Something as simple as a vibe can form something as enormous as an opinion.
"Khamoshiyan awaaz hain labzon mein bass inkaar hai" - Sameer Anjaan's evocative lyrics and Shamir Tandon's compelling composition follows you out of this searing, probing drama on work ethics in corporate places.
This is one occasion when you don't mind being stalked.
There are no item songs in 'Inkaar'. The female form is here objectified not through celebratory songs but in the gender perceptions that often distinguish the male viewpoint from the female. The songs and music (largely by the talented Shantanu Moitra) seem to mock the sexual frisson between the two protagonists as they circle each other in a moral pugilism that can break both or one of them.
It is not easy being ambitious and true to the conscience. Towards the end of this riveting drama, Chitrangada confronts Arjun in a washroom where the light flickers menacingly on her ravaged face.
"Can people like you and I who want more from life than love, ever be happy?" she wonders in a choked voice.
Is Rahul Varma really guilty of sexual harassment? Or is the ambitious social climber Maya Luthria imagining things for her own convenience? Did she lead him on until it suited her ambitions and then cry 'harassment' when she had made her way to the top of the ladder and didn't want anyone peering up her skirt?
That versatile and vigorous storyteller Sudhir Mishra, doing yet another thematic flip-flop after the edgy crime drama 'Yeh Saali Zindagi', provides no easy solutions to the question of the male gaze and the female perception. 'Inkaar' makes you stop and think about that diaphanous divide between consensual flirting and sexual harassment.
But this is not a version of Barry Levinson's 'Disclosure'. Sudhir Mishra's treatise on the gender equation in an ambitious environment is far more dense and complex than a simple buffet of tongue-in-cheek innuendos interspersed with moral homilies. And yes, Arjun and Chitrangada are far more skilled actors than Michael Douglas and Demi Moore. It would be no exaggeration to say that the film wouldn't have worked with any other actors.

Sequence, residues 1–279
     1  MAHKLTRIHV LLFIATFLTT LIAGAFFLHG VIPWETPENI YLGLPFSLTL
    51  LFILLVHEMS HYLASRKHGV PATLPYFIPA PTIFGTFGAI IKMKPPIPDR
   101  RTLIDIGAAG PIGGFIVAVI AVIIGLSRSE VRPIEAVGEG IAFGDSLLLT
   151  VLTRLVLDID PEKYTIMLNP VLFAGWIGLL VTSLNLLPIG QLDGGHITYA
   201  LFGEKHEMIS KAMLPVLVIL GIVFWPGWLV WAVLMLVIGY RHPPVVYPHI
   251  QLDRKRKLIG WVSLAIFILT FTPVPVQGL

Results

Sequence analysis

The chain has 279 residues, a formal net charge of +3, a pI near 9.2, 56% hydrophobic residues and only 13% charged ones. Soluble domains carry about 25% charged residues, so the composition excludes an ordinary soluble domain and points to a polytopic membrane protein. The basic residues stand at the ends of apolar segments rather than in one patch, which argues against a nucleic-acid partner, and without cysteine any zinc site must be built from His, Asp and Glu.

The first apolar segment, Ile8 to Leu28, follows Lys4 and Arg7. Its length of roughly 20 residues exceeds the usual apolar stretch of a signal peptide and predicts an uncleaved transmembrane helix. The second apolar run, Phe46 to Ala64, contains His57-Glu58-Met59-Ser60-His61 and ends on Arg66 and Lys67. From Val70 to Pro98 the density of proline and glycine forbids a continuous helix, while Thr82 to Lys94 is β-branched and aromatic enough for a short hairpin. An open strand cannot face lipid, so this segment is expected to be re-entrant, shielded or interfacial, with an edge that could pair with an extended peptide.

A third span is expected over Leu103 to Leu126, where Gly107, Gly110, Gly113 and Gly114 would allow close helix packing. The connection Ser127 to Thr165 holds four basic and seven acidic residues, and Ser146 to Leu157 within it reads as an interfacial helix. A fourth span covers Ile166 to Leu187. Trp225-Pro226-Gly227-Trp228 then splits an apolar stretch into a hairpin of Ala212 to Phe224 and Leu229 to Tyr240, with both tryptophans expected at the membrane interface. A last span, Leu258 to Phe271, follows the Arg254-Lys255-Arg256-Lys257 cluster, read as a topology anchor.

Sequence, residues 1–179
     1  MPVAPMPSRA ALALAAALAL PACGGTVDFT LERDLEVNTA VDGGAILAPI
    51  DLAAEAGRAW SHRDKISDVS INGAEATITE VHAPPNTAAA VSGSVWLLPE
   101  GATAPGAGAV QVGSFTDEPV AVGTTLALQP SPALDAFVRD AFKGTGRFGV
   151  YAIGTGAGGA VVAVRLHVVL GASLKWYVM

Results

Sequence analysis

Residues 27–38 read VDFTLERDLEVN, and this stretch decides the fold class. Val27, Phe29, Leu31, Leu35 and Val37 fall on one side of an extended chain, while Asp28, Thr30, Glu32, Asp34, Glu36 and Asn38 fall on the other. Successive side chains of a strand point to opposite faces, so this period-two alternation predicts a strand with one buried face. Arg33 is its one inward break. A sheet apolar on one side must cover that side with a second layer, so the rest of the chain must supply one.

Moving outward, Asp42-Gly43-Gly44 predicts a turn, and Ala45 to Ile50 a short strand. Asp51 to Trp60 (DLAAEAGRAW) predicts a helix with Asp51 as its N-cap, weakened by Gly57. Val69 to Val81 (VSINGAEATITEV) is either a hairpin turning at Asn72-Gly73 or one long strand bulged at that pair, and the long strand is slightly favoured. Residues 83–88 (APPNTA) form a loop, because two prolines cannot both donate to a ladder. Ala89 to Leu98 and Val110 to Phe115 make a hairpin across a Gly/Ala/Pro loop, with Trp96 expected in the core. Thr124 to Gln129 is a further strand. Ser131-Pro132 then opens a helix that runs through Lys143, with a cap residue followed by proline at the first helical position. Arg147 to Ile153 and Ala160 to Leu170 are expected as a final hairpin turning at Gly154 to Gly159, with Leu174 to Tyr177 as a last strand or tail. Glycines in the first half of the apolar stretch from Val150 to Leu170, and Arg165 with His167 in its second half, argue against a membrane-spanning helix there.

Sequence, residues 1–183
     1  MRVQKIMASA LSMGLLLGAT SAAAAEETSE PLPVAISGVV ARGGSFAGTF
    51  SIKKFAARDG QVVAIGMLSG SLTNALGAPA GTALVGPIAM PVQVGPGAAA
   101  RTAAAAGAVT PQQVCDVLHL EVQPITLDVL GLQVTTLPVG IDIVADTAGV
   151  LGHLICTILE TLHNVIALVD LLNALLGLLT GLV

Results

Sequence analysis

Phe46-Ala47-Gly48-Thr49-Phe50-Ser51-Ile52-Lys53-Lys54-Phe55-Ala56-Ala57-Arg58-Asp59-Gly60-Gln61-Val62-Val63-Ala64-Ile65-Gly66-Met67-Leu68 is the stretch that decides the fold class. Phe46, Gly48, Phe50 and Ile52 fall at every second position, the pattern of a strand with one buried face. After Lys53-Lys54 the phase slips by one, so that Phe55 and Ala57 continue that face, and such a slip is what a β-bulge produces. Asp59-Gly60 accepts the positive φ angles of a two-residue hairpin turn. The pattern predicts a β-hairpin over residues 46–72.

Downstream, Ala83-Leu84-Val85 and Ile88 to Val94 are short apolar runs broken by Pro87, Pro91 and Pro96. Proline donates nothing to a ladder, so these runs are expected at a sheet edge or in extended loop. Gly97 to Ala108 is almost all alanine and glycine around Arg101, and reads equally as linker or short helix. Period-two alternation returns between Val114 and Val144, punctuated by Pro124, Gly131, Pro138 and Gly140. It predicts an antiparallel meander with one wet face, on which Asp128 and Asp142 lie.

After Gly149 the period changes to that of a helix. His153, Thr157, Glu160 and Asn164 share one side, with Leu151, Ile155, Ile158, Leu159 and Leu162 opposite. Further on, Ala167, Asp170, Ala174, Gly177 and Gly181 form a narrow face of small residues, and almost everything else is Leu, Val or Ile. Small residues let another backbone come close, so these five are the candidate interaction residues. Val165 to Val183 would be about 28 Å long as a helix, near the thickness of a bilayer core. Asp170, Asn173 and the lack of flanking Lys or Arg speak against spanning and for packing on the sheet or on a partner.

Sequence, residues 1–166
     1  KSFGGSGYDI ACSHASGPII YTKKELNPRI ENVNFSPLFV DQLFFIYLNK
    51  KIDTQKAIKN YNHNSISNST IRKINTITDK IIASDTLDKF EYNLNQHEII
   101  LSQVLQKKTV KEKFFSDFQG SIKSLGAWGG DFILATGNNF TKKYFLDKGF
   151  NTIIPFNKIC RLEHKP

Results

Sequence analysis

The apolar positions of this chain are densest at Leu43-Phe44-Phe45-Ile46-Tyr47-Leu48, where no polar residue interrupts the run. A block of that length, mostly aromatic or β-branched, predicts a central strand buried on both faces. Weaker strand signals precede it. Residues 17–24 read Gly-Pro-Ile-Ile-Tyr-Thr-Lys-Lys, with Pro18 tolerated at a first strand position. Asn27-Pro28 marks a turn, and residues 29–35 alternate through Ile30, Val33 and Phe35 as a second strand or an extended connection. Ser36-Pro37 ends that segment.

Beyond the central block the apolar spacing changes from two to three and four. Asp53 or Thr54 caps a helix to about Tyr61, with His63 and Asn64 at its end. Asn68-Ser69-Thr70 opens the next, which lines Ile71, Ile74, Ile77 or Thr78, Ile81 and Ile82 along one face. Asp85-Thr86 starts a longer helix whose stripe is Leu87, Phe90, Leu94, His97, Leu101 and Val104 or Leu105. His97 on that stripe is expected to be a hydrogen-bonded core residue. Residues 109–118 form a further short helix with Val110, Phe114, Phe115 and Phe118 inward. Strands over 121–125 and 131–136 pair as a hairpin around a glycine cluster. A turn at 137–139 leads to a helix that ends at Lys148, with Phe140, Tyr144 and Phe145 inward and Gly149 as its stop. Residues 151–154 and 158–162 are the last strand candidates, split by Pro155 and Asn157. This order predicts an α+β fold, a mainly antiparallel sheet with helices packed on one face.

Arjun, in fact, grows better with each film, so much so that nowadays a film featuring him is an assurance of innovative aesthetics. Here, he sinks into the part of the part-mentor part-tormentor with impassioned familiarity. Arjun knows the world of the cut-throat corporate competitiveness where every promotion for an individual could be a moral and ethical demotion. As played by Arjun, Rahul Varma comes across as both sensitive and arrogant, considerate and sexist. He's a bit of a mystery, really.
Even so, Inkaar, with a running time that's little above two hours, starts out with promise and engages considerably until the plot hits a massive writer's block and transforms into an exasperating Alice who's lost her way and been kicked out of Wonderland. The upshot is a climax so moronic, it's easily one of the worst I've seen in recent times.
Truth be told, Arjun Rampal and Chitrangada, looking sharp, self-assured and comfortable in each other's presence, do the best within their limitations to not contribute to Inkaar's troubles, which is also guilty of wasting Shantanu Moitra's electric compositions around a lacklustre scenario.
In the end though, what could have been an engrossing take on modern-day relationships in a frantic, workaholic culture is single-handedly destroyed by warped publicity and ridiculous conclusions.
So am I going to recommend why two sorted-out professionals are dumbed down to thick-headed fools and sexual harassment is just another day in office? I don't think so.